What happened in Haditha is part and parcel of war. On May 31, US soldiers shot and killed a woman in labor and on her way to the hospital. (Until 2005, American soldiers killed, on average, eight civilians a week at checkpoints.) By June 4, nine Americans had already been convicted of killing Iraqi civilians in eight different incidents. On June 19, three US soldiers were charged with executing three detainees. On June 21, seven Marines and a Navy corpsman were charged with premeditated murder and kidnapping of an unarmed Iraqi civilian. After Haditha, Iraqi Prime Minister Nouri aI-Maliki described American attacks on civilians as a “daily phenomenon.” This seems unbelievable, but the Pentagon now admits that, from 2003-2004, it paid $24 million dollars in $250-$2,500 “condolence payments” to Iraqi families for loved ones killed or maimed by US troops. These tens of thousands of payments were only made for the killing of women, children, and elderly men. The Pentagon considers all military age Iraqi men combatants. Independent observers put the actual total of civilian casualties as high as 50,000 or even 100,000. Censorship and propaganda dull awareness on the homefront, but cannot hide reality from our troops. By order, accident, or individual design, vast numbers of soldiers violate the rules of war. Even larger numbers witness atrocities without reporting them. All are affected.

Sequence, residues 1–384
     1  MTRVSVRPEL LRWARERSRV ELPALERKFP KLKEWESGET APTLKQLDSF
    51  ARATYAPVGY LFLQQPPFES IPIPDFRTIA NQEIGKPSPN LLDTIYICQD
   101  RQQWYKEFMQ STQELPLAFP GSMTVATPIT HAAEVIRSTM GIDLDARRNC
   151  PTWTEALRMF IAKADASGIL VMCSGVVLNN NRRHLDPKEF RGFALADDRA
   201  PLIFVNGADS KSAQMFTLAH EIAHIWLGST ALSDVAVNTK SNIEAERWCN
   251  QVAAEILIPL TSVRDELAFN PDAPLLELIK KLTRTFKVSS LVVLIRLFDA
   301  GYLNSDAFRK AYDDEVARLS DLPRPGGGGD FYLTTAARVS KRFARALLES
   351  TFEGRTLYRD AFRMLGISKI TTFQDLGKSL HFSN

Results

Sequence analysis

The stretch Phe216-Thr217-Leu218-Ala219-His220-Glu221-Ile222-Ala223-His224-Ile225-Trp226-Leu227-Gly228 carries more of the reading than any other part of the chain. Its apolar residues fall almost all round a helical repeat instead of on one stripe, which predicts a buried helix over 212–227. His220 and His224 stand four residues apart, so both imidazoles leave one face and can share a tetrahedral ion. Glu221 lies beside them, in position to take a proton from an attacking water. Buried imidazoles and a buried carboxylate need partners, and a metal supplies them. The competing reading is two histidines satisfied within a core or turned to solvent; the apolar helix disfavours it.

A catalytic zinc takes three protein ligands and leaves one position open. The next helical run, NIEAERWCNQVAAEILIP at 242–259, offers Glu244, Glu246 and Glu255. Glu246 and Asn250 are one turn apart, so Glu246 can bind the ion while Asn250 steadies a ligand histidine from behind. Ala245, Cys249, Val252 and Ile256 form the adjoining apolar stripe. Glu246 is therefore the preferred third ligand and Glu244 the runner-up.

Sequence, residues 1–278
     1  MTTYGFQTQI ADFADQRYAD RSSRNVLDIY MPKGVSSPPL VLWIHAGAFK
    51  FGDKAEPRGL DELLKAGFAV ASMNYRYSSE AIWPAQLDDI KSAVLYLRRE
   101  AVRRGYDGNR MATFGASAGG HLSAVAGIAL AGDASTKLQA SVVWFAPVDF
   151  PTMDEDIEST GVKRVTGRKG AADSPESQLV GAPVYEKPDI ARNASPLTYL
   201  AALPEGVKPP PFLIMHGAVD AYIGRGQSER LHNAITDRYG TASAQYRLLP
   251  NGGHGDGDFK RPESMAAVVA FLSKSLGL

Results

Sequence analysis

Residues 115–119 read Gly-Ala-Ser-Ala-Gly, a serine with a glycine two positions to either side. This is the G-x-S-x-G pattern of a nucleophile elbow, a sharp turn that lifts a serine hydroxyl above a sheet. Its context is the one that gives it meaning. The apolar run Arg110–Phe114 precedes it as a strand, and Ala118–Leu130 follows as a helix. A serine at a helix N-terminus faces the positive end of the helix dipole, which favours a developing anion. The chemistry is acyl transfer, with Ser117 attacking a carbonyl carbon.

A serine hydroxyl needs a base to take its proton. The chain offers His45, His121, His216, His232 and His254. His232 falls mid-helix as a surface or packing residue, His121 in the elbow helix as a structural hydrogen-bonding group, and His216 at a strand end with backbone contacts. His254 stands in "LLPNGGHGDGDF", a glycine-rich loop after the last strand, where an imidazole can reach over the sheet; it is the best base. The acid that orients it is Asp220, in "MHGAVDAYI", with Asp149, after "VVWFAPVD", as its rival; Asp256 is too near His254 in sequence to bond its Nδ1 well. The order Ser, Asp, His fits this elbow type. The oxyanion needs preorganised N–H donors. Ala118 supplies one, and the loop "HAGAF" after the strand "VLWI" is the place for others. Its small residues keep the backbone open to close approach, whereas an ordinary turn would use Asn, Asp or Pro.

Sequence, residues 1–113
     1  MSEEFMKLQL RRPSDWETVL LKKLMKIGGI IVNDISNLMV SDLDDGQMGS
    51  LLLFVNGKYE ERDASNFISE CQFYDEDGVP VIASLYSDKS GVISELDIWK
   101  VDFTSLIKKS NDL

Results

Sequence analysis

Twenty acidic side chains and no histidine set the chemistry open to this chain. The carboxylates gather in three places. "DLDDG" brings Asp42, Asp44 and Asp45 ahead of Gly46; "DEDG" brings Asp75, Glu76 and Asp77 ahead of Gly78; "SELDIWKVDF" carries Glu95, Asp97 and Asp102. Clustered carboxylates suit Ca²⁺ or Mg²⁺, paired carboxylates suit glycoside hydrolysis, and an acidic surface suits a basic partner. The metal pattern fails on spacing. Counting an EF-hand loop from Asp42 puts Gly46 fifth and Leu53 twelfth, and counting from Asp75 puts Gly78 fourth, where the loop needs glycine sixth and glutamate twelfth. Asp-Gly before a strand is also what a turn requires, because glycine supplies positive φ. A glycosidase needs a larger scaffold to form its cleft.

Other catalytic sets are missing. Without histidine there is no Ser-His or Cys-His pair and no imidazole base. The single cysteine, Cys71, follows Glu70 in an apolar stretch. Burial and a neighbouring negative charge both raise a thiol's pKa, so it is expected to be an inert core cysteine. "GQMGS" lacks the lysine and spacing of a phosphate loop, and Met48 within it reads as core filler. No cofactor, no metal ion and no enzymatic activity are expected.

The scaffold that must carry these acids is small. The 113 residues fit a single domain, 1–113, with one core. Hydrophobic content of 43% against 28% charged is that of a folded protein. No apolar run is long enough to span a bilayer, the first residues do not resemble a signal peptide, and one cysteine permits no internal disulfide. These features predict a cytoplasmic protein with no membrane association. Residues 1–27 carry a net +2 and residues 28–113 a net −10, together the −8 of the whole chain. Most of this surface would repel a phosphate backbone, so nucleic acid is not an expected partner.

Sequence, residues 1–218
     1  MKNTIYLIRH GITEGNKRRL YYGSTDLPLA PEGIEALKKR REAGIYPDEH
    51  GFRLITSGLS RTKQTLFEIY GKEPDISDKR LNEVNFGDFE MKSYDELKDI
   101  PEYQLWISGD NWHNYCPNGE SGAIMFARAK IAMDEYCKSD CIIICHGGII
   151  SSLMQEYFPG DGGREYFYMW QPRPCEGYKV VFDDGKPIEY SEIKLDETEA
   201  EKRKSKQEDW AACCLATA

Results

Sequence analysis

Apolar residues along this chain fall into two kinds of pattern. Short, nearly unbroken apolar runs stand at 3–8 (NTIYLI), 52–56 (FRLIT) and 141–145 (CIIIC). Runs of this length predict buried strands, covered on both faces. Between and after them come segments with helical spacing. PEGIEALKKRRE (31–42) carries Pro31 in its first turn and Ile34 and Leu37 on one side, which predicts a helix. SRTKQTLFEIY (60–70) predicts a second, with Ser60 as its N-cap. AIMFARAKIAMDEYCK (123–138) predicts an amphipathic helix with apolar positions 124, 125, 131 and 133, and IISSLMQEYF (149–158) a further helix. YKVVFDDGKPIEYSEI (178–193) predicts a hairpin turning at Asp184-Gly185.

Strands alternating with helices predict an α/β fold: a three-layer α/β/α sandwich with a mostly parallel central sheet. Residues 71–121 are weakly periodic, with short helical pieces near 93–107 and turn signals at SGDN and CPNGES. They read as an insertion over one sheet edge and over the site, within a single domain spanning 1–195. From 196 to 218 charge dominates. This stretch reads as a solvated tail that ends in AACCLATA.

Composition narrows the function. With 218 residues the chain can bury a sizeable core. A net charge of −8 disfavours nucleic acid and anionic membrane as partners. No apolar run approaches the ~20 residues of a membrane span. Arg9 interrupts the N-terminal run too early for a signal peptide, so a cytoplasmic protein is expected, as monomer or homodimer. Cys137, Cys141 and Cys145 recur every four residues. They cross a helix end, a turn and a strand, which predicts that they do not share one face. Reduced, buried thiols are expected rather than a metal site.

This is not just a product of “bad” wars like Iraq or Vietnam. Roscoe Blunt, Jr., in his book Inside the Battle of the Bulge: A Private Comes of Age says that, in 1944, the driver of

a jeep with two German prisoners perched on the front fenders, their hands clasped behind their heads, . . . offered me a lift. . . .The driver nodded casually to his front seat passenger and, without a word, they each pulled out their Colt .45s and simultaneously fired single shots into the back of each prisoner’s head. The impact of the slugs made them jerk upright convulsively in spasms as chunks of flesh, bone, and blood spewed from their skulls. The two lifeless forms slumped off the fenders and bounced onto the mud-slick road. I glanced back at them—the POWs’ legs were still twitching. Other GIs walking along the road ignored them.